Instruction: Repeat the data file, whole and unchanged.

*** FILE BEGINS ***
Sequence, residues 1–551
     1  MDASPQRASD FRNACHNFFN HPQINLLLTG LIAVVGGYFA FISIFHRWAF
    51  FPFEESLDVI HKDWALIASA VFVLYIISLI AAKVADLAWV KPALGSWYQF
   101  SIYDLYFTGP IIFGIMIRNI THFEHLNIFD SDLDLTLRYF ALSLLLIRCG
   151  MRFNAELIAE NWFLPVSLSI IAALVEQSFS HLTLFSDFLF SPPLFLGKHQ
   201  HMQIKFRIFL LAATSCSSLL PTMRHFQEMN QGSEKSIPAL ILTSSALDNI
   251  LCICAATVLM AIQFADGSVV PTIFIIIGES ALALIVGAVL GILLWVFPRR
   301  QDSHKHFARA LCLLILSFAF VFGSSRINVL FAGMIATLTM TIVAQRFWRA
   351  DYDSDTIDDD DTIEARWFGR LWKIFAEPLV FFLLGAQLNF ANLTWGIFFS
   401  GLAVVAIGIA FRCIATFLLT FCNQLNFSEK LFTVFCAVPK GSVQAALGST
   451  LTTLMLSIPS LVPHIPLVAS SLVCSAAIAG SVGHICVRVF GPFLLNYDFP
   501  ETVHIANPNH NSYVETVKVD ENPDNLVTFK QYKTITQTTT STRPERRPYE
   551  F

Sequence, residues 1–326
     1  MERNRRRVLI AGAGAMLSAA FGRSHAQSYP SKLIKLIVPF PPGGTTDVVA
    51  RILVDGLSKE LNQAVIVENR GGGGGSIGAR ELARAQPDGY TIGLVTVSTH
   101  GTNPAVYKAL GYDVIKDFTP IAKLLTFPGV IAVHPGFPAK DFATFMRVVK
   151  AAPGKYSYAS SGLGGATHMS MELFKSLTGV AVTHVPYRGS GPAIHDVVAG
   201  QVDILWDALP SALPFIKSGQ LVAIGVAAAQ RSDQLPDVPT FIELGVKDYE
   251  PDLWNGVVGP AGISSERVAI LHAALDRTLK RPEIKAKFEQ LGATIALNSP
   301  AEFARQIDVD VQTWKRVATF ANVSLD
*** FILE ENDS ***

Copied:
Sequence, residues 1–551
     1  MDASPQRASD FRNACHNFFN HPQINLLLTG LIAVVGGYFA FISIFHRWAF
    51  FPFEESLDVI HKDWALIASA VFVLYIISLI AAKVADLAWV KPALGSWYQF
   101  SIYDLYFTGP IIFGIMIRNI THFEHLNIFD SDLDLTLRYF ALSLLLIRCG
   151  MRFNAELIAE NWFLPVSLSI IAALVEQSFS HLTLFSDFLF SPPLFLGKHQ
   201  HMQIKFRIFL LAATSCSSLL PTMRHFQEMN QGSEKSIPAL ILTSSALDNI
   251  LCICAATVLM AIQFADGSVV PTIFIIIGES ALALIVGAVL GILLWVFPRR
   301  QDSHKHFARA LCLLILSFAF VFGSSRINVL FAGMIATLTM TIVAQRFWRA
   351  DYDSDTIDDD DTIEARWFGR LWKIFAEPLV FFLLGAQLNF ANLTWGIFFS
   401  GLAVVAIGIA FRCIATFLLT FCNQLNFSEK LFTVFCAVPK GSVQAALGST
   451  LTTLMLSIPS LVPHIPLVAS SLVCSAAIAG SVGHICVRVF GPFLLNYDFP
   501  ETVHIANPNH NSYVETVKVD ENPDNLVTFK QYKTITQTTT STRPERRPYE
   551  F

Sequence, residues 1–326
     1  MERNRRRVLI AGAGAMLSAA FGRSHAQSYP SKLIKLIVPF PPGGTTDVVA
    51  RILVDGLSKE LNQAVIVENR GGGGGSIGAR ELARAQPDGY TIGLVTVSTH
   101  GTNPAVYKAL GYDVIKDFTP IAKLLTFPGV IAVHPGFPAK DFATFMRVVK
   151  AAPGKYSYAS SGLGGATHMS MELFKSLTGV AVTHVPYRGS GPAIHDVVAG
   201  QVDILWDALP SALPFIKSGQ LVAIGVAAAQ RSDQLPDVPT FIELGVKDYE
   251  PDLWNGVVGP AGISSERVAI LHAALDRTLK RPEIKAKFEQ LGATIALNSP
   301  AEFARQIDVD VQTWKRVATF ANVSLD